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Min and functions

asked 2012-01-06 12:06:02 +0200

anonymous user



I'm wondering why the next code doesn't work as intended:

myMin(x,y) = min(x,y)
print myMin(3,2)



print min(3,2)


In fact, Sage says that the function myMin is (x, y) |--> x. Why is this? Is there a way I could use min in a symbolic expression?

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answered 2012-01-06 17:53:42 +0200

kcrisman gravatar image

Well, min is not what we call a symbolic function. Since x is earlier in the lexicographic order than y:

sage: var('y')
sage: min(x,y)

We work around that like this.

sage: f(x,y) = 2*min_symbolic(x,y)
sage: f(3,2)
sage: f(2,3)

This should probably be easier to find...

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answered 2012-01-06 12:44:22 +0200

You can at least do it in another way:

sage: def myMin(x,y):
....:     return min(x,y)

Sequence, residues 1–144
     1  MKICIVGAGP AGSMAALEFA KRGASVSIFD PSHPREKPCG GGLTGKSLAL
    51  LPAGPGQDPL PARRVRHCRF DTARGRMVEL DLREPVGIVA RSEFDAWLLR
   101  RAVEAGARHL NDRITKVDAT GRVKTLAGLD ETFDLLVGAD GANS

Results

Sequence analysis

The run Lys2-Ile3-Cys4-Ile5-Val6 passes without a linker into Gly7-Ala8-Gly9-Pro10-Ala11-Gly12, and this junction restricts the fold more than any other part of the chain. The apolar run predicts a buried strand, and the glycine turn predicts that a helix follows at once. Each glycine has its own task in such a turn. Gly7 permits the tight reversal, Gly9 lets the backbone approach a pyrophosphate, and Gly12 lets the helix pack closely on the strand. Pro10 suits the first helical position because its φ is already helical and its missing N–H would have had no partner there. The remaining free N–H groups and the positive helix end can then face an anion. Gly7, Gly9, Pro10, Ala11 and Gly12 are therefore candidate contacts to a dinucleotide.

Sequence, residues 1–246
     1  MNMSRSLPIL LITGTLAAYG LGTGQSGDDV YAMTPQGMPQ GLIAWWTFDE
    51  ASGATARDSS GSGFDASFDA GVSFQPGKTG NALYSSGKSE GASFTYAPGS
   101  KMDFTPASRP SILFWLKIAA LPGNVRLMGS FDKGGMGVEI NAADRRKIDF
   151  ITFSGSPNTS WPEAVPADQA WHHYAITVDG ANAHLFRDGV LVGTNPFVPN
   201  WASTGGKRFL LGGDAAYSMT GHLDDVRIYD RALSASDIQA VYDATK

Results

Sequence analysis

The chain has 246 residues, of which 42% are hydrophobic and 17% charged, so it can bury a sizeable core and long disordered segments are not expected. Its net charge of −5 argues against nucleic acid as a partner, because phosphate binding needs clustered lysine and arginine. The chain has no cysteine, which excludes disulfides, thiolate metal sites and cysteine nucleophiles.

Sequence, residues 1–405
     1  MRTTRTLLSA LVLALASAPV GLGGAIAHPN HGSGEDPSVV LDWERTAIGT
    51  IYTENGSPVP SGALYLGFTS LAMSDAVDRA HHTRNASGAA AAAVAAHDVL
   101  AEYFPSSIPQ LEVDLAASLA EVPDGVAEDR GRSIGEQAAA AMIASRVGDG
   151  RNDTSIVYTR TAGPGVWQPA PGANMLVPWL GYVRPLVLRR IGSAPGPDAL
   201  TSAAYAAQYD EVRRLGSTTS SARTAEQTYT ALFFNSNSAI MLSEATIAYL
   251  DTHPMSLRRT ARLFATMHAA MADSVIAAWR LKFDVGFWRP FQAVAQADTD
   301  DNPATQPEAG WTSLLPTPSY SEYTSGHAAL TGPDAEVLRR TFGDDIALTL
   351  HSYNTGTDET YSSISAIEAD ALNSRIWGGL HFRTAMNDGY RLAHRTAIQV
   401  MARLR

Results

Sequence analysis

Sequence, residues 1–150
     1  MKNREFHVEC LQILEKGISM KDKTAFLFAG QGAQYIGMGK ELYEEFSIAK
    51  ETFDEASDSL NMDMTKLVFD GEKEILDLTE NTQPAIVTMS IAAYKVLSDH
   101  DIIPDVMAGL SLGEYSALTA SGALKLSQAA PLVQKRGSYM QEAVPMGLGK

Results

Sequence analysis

sage: print myMin(3,2)

But concerning your original post, it really looks like a bug. I am not expert enough. If it is indeed a bug, we should report it.

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Not exactly a bug, see below. But perhaps not a feature, either? min and max are Python builtins, so dangerous to change.

kcrisman gravatar imagekcrisman ( 2012-01-06 17:54:27 +0200 )edit

answered 2012-01-06 18:40:36 +0200

alejandroerickson gravatar image

You can also use a lambda function:

f = lambda x,y: min(x,y)
print f(4,3)

I don't know much about them except they seem to delay evaluation of the function until you pass it variables. doing

f(x,y) = min(x,y)

doesn't (?)

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I believe the key difference is that the lambda function will give you numerical function, not symbolic: "f(x) = sin(x)" and then "diff(f)" will give you "cos(x)", but "g = lambda x: sin(x)" and then "diff(g)" will give you TypeError, cuz the function is no longer symbolic.

Eugene gravatar imageEugene ( 2012-01-07 03:57:15 +0200 )edit

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Asked: 2012-01-06 12:06:02 +0200

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Last updated: Jan 06 '12